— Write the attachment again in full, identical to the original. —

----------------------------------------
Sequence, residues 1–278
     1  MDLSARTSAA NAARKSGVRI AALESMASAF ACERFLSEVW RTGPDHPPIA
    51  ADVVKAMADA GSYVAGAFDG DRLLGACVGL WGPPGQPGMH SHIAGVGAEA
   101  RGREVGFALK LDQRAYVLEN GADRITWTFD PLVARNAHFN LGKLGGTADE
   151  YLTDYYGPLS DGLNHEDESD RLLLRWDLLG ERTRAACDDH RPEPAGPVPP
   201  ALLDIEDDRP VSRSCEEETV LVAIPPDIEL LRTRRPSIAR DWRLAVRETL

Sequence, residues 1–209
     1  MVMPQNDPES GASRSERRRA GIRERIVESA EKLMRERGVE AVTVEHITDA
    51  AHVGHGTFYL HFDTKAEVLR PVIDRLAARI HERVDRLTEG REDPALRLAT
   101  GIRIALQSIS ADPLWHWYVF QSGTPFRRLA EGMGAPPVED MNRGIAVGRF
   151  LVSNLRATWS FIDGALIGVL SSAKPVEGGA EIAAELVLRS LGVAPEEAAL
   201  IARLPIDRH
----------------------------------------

Sequence, residues 1–278
     1  MDLSARTSAA NAARKSGVRI AALESMASAF ACERFLSEVW RTGPDHPPIA
    51  ADVVKAMADA GSYVAGAFDG DRLLGACVGL WGPPGQPGMH SHIAGVGAEA
   101  RGREVGFALK LDQRAYVLEN GADRITWTFD PLVARNAHFN LGKLGGTADE
   151  YLTDYYGPLS DGLNHEDESD RLLLRWDLLG ERTRAACDDH RPEPAGPVPP
   201  ALLDIEDDRP VSRSCEEETV LVAIPPDIEL LRTRRPSIAR DWRLAVRETL

Sequence, residues 1–209
     1  MVMPQNDPES GASRSERRRA GIRERIVESA EKLMRERGVE AVTVEHITDA
    51  AHVGHGTFYL HFDTKAEVLR PVIDRLAARI HERVDRLTEG REDPALRLAT
   101  GIRIALQSIS ADPLWHWYVF QSGTPFRRLA EGMGAPPVED MNRGIAVGRF
   151  LVSNLRATWS FIDGALIGVL SSAKPVEGGA EIAAELVLRS LGVAPEEAAL
   201  IARLPIDRH